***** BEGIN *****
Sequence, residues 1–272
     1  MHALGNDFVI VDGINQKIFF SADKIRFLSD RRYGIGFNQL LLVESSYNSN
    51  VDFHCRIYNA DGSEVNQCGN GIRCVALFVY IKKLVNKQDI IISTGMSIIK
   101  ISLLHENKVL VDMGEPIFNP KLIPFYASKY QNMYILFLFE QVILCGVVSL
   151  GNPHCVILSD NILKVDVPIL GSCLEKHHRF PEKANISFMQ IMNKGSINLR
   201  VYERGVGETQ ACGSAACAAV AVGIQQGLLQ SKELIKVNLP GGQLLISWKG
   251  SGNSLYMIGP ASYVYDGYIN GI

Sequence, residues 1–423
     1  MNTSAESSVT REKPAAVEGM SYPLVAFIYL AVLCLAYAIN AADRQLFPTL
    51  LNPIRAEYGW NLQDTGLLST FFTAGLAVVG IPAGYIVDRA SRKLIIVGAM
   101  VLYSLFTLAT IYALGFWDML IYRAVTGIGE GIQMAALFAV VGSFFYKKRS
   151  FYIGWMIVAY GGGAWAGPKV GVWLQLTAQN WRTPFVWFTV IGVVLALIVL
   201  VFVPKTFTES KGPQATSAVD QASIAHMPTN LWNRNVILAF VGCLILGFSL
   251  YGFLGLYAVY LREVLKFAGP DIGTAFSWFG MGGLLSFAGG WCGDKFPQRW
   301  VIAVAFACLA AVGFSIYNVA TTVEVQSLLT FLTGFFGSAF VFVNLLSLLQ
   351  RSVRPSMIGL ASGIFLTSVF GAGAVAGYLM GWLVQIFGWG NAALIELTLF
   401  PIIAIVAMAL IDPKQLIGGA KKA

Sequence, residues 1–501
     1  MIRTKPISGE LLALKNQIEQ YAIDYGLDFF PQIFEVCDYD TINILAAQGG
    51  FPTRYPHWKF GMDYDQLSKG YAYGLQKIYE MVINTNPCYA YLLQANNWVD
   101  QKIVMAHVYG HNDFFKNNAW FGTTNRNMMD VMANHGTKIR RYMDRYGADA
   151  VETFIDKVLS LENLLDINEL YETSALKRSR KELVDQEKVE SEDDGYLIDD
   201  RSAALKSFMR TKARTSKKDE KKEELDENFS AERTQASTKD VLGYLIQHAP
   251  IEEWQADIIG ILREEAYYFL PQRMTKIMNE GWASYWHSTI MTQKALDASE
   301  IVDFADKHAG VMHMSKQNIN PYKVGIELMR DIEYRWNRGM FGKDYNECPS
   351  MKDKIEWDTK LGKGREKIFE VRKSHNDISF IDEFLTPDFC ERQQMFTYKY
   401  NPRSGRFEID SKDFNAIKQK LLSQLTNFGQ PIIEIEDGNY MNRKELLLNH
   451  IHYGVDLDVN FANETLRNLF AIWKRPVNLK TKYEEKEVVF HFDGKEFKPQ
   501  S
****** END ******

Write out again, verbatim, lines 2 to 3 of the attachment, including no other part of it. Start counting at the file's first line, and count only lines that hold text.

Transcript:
     1  MHALGNDFVI VDGINQKIFF SADKIRFLSD RRYGIGFNQL LLVESSYNSN
    51  VDFHCRIYNA DGSEVNQCGN GIRCVALFVY IKKLVNKQDI IISTGMSIIK